Diminished baroreflex control of heart rate responses in otoconia-deficient C57BL/6JEi head tilt mice

Baojian Xue, Karl Skala, Timothy A. Jones, Meredith Hay

Research output: Contribution to journalArticlepeer-review

10 Scopus citations


The maintenance of stable blood pressure during postural changes is known to involve integration of vestibular and cardiovascular central regulatory mechanisms. Sensory activity in the vestibular system plays an important role in cardiovascular regulation. The purpose of this study was to determine the role of vestibular gravity receptors in normal baroreflex function. Baroreflex heart rate (HR) responses to changes in blood pressure (BP) in otoconia-deficient head tilt (het) mice (n = 8) were compared with their wild-type littermates (n = 12). The study was carried out in conscious male mice chronically implanted with arterial and venous catheters for recording BP and HR and for the infusion of vasoactive drugs. Resting HR was higher in the het mice (661 ± 13 beats/min) than in the wild-type mice (579 ± 20 beats/min). BP was comparable in the het (113 ± 4 mmHg) and wild-type mice (104 ± 4 mmHg). The slopes of reflex decreases in HR in response to phenylephrine (PE) were blunted in the het mice (-5.5 ± 1.5 beats·min -1·mmHg-1) compared with the wild-type mice (-8.5 ± 0.9 beats·min-1·mmHg-1). Likewise, reflex tachycardic responses to decreases in BP with sodium nitroprusside (SNP) were significantly blunted in the het mice (-0.8 ± 0.3 beats·min-1·mmHg-1) versus the wild-type mice (-2.2 ± 0.6 beats·min-1·mmHg-1). Frequency-domain analysis of the HR variability suggests that under resting conditions, parasympathetic contribution was lower in the het versus wild-type mice. Mapping of the expression of immediate-early gene product, c-Fos, in forebrain and brain stem nuclei in response to a BP challenge showed no differences between the wild-type and het mice. These results suggest that tonic activity of gravity receptors modulates and is required for normal function of the cardiac baroreflexes.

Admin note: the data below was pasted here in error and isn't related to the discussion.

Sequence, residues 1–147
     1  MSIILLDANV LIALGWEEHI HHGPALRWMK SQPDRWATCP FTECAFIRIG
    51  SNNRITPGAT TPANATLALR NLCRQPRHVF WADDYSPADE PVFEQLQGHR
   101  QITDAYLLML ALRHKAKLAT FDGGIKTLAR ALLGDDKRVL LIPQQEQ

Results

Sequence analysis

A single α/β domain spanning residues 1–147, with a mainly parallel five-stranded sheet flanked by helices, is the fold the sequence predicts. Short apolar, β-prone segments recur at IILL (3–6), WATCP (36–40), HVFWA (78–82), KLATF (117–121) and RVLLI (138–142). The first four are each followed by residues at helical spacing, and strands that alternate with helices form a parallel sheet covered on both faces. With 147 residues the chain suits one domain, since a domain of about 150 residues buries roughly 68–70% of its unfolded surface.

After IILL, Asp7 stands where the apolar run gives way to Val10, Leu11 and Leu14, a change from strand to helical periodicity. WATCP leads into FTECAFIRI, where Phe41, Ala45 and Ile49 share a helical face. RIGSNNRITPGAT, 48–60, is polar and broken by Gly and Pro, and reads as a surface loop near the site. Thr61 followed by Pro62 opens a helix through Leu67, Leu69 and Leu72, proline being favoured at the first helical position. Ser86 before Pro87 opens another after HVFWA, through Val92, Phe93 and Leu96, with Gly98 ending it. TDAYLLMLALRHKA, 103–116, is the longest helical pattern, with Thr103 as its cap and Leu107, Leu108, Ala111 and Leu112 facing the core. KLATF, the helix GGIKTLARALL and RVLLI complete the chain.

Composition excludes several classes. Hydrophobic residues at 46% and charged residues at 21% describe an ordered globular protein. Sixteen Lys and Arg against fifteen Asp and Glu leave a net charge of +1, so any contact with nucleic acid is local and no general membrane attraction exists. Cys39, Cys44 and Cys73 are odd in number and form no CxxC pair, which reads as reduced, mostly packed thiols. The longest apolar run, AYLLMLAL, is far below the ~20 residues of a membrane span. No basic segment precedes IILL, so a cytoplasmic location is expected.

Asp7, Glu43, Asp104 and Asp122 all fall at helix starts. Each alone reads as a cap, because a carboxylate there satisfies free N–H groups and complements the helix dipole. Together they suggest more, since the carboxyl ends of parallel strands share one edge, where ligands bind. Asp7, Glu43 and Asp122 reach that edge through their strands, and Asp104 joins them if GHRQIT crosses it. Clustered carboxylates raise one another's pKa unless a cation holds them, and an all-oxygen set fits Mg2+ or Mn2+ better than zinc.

Original languageEnglish (US)
Pages (from-to)H741-H747
JournalAmerican Journal of Physiology - Heart and Circulatory Physiology
Issue number2 56-2
StatePublished - Aug 2004
Externally publishedYes


  • Baroreflex
  • Otoconia receptors
  • c-Fos expression

ASJC Scopus subject areas

  • Physiology
  • Cardiology and Cardiovascular Medicine
  • Physiology (medical)


Dive into the research topics of 'Diminished baroreflex control of heart rate responses in otoconia-deficient C57BL/6JEi head tilt mice'. Together they form a unique fingerprint.

Cite this